(a)  Health and Healing: these are the key objectives of nursing. Health supports the patient’s ability to adapt to changes in life and lead to a purposeful life. Healing, on the other hand, restores wholeness and it involves rediscovering and reestablishing self, back to a state of equilibrium. Actually, in the healing journey, a patient gains new skills that maintain and improve his health.

(b)  Holism and embodiment: Holism is the recognition of the interconnectedness of the parts and their relative impacts on each other in response to internal and external environments. In order to enhance or restore wholeness in innate healing, there must be symptom treatment and elimination of the cause of dysfunction (Iglehart, 2013).

Values and Principles of SBN (Gottlieb, 2014)

(c)  Uniqueness: SBN is aware that all people are uniquely different in terms of genetic definition and precise disposition. Uniqueness is defined by strengths and deficits and their effect on physical, interactive and relational responses and the formation of a person’s distinctiveness.

(d) Subjective reality and created meaning: SBN affirms that understanding of events and responses is shaped by perceptions, emotions, experiences, representations, and meanings because they all carry specific meanings. These factors create a narrative which is a significant integrative process that creates health and enhances healing.

(e)  Self-determination: The person’s values choice, self-determination as well as self-knowledge are all recognized by SBN. SBN values the inner thrill of individuals undergoing a healthcare process (Elder, ‎Evans, and ‎Nizette, 2011).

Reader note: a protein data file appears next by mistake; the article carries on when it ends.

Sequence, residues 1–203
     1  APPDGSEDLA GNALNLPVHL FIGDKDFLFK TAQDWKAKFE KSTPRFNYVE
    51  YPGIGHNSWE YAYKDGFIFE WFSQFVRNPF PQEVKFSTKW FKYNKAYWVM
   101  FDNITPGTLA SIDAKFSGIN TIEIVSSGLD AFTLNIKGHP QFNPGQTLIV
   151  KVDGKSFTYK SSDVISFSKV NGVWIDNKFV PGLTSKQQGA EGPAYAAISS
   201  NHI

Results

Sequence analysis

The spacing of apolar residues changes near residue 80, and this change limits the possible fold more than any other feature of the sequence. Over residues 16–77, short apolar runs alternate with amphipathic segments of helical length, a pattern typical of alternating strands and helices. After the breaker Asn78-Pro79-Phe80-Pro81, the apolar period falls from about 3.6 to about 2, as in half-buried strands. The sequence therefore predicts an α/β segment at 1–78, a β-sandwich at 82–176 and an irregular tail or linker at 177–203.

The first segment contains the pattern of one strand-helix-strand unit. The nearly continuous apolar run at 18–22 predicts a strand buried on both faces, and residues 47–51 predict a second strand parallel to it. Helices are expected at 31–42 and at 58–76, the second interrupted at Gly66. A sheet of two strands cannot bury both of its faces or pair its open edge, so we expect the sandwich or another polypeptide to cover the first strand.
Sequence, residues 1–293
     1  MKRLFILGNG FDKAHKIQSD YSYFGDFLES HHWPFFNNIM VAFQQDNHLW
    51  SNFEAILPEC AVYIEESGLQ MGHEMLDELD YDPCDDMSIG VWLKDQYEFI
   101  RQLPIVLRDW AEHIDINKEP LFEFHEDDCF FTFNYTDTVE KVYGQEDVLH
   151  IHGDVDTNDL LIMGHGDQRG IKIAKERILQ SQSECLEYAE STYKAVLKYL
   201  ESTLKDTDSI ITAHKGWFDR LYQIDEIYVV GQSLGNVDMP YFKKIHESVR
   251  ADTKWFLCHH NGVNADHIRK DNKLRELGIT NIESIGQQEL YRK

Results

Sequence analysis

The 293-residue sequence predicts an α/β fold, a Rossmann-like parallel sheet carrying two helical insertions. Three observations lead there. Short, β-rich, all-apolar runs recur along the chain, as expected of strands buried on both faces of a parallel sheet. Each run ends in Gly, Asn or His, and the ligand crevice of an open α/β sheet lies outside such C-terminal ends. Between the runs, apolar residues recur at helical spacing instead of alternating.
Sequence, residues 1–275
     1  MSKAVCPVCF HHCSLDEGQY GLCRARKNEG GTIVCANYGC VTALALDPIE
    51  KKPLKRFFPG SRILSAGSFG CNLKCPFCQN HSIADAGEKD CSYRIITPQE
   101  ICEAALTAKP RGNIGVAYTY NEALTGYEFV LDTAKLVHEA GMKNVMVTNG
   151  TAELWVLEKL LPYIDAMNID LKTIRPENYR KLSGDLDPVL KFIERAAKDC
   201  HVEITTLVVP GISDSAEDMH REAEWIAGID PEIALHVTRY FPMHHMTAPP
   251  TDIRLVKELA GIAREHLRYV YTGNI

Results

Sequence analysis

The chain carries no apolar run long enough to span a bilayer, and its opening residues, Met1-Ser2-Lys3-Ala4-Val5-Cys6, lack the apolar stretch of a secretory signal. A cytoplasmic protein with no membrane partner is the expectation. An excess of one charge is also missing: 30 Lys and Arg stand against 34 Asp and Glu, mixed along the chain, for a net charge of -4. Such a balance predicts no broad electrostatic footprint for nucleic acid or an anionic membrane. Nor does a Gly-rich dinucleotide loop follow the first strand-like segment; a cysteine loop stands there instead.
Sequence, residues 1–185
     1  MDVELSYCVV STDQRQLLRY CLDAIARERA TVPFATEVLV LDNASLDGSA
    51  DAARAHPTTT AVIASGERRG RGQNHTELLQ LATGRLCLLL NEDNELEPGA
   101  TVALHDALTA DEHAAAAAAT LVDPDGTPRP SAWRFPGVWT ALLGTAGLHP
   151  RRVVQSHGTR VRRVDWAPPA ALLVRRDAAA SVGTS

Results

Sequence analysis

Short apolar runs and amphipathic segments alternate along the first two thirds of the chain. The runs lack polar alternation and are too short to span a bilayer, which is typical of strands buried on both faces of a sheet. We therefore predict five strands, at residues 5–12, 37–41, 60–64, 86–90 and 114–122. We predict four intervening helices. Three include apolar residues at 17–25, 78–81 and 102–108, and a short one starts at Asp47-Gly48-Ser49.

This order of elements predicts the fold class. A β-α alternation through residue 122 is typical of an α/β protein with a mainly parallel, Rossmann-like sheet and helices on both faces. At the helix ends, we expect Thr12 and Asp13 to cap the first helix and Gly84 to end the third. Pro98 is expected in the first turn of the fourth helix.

(f)  Learning, timing and readiness: Learning is an important and transformation aspect and it includes biological, physiological and social processes. Readiness to engage in learning new things is a precondition for learning. Timing in healthcare settings is harmonizing the anticipated outcomes and body aptitudes and the inclination of the mind. The three combined values determine healing and SBN recognizes that healing may occur even at the jaws of death.

(g) Person and environment are fundamental: Physical and social environments affect person and family. Under different environments, one's strengths or deficits may be exposed. The growth of people depends on the presence of “goodness of fit” within the environment they are in. Under this favorable environment, the patient is able to draw on his strengths and chances for growth, healing and flourishing (Gottlieb, 2014).

(h)  Collaborative Partnership: SBN prefers the relationship between a nurse, patient and family being collaborative. When these two parties bring together their experiences and competencies there is a likely success. The patient and family bring the knowledge about self and their circumstances while the nurse brings a formal and practical knowledge of health and healing. In this collaborative partnership, the nurse should be open, indulgent and with the drive to share power (Delaney, 2018). That way, the patient and family will submit to care as they have an assurance that they are valued and respected.